In November 2013, myself and 3 friends decided to row across the Atlantic Ocean unassisted. More people have climbed Everest or even been to space that rowed across this ocean. This limited number left us in a difficult position, there are no specialists in the training process for ocean rowing. At the time this seemed a real problem, however looking back this was the best thing that happened to both the team and myself.

I spent the first 3 months of our campaign developing a program that would best prepare our team to not only complete this challenge but also put us in a position to break the world record.  The obvious place to start was researching various rowing-specific programs and also how other endurance athletes lay out a training week. However, like a lot of online programs, they make sense at first glance; however, it’s not until you try it that you realise it doesn’t work – a program designed for someone else, with completely different body make-up, goals and lifting capabilities.

From here, I realised the only way to prepare would be to understand how each of our bodies would react to a prolonged period spent rowing and living on our boat. Besides the obvious fact of the duration, I realised the other significant difference between our challenge and other endurance events was the stop-start nature. We would row for 2 hours, then have 2 hours off. In principle, this sounds brilliant; in reality, this 2-hour period off is spent in a cramped, hot cabin trying to eat and then sleep. This then leads to your body stiffening up, and any areas of weakness or tightness felt during rowing are now painful. This would be fine in everyday life, however when those 2 hours off are up, you’re straight back onto the oars for another gruelling 2 hour shift.

After our first long training row, I realised the most effective way to prepare was to irradiate any imbalances or movement issues, focus heavily on deep core muscles before beginning to introduce heavier compound movements. This in turn would lead to our rowing techniques improving and remaining consistent whether on our first shift or on day 35.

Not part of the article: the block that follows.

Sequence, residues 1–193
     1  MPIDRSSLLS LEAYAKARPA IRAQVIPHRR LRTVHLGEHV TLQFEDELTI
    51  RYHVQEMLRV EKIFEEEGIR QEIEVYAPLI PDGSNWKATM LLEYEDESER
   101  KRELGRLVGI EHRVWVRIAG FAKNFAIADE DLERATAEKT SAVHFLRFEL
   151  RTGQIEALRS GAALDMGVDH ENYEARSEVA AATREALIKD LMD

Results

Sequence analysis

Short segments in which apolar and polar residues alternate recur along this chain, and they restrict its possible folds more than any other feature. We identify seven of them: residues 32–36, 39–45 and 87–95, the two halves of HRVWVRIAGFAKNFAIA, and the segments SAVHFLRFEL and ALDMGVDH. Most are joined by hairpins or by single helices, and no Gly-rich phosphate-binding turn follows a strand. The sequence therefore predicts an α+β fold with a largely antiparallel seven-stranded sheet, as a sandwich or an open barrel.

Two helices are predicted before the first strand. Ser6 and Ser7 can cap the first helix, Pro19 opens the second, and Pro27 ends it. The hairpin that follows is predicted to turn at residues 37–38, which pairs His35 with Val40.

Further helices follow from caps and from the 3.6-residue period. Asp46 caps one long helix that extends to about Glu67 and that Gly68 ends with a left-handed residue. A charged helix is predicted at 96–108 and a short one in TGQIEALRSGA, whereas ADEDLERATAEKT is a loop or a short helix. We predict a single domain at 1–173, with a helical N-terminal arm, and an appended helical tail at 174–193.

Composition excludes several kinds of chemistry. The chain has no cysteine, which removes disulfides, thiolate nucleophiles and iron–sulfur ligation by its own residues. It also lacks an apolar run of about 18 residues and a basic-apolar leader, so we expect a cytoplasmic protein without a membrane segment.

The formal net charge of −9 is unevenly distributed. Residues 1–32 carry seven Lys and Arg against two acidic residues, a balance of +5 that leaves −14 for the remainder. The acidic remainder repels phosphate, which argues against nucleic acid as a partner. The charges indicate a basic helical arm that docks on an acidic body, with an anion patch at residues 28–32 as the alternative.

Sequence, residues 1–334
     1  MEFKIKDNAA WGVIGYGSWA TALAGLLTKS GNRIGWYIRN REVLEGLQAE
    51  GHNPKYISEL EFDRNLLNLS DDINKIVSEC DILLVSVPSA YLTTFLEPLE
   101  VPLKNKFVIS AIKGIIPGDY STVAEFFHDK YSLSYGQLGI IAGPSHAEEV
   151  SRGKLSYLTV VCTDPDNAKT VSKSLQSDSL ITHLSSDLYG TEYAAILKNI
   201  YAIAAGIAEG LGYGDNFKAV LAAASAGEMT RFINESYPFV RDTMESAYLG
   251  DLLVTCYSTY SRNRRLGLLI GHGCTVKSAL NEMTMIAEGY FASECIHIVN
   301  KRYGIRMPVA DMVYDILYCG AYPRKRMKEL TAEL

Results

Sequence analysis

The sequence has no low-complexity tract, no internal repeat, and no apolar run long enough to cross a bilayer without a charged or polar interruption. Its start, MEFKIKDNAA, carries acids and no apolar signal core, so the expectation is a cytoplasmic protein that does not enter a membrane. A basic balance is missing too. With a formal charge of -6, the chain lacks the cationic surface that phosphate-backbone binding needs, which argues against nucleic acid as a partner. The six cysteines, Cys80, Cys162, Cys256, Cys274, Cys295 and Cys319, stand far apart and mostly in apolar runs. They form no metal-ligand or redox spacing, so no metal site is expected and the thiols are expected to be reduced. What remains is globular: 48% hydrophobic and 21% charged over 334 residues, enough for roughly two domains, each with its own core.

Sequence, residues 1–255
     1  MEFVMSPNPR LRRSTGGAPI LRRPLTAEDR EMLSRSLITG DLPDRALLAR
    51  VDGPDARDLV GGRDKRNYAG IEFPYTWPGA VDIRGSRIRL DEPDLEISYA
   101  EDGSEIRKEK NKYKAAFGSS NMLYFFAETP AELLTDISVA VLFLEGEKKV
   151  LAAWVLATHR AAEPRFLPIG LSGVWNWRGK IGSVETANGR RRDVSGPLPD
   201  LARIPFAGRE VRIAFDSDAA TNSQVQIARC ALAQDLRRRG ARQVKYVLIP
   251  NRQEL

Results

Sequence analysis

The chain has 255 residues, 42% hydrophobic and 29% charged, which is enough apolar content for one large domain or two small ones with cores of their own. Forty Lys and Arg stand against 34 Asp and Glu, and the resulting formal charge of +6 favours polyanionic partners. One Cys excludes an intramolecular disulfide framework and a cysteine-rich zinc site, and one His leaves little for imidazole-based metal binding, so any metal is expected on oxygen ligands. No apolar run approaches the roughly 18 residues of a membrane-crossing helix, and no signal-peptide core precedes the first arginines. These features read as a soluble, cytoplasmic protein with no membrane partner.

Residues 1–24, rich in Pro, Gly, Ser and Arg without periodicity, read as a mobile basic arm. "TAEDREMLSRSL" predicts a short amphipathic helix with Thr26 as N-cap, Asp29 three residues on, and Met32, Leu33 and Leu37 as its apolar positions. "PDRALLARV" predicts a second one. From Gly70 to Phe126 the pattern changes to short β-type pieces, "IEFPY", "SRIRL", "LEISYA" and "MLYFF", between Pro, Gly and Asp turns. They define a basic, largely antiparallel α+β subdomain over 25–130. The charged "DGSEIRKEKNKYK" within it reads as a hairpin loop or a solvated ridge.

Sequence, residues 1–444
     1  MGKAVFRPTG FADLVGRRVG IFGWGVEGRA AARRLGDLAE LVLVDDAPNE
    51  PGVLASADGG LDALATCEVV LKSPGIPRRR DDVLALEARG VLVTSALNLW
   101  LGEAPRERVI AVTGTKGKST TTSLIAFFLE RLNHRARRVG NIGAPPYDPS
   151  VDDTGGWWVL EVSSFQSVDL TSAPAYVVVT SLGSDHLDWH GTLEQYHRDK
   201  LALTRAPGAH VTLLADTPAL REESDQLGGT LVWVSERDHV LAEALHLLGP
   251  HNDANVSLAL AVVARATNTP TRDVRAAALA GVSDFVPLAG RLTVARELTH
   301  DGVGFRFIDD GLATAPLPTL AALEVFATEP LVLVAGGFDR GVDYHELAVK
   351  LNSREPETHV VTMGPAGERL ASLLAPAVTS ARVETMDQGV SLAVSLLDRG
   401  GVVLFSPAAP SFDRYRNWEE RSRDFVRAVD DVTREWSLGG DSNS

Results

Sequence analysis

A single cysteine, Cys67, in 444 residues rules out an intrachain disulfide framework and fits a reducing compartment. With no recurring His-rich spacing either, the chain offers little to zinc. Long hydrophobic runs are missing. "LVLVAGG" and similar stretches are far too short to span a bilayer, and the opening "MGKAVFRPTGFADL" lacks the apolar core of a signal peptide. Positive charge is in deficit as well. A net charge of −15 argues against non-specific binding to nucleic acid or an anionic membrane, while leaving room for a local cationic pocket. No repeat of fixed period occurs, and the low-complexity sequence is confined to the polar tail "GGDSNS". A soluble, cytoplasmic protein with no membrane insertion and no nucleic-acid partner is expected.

None of us performed any squats or deadlifts until we had the correct range of movement and the right motor control of our abs and glutes. For the first two or so months, the majority of training was unilateral (single arm or leg). Unilateral work has a number of benefits, including improving balance and proprioception, left and right asymmetries, and mind-muscle connection. During this phase, there were three sessions a week dedicated purely to mobility and core work.

Following a 6 week phase of high rep unilateral work, I introduced an 8 week strength phase. Still primarily based on unilateral movements however using a 5×5 strength training principle. During this phase I began to add in both Goblet Squats and Rack Pulls (deadlifts from an elevated platform) these we done at lighter weight, used primarily as technique work.

At the end of these two phases, I was comfortable programming a slightly more traditional format. We moved through two more strength phases and one power phase and finished with a month of mass gaining. Throughout all of these phases of training, there were always a minimum of three mobility sessions a week, plus the warm-up and cool-down after every session.

By the day we departed, we had over 1,000 miles of training under our belts. That preparation, in my eyes, topped anything and led us to success!




By Gus Barton

Personal Trainer at The Dan Roberts Group.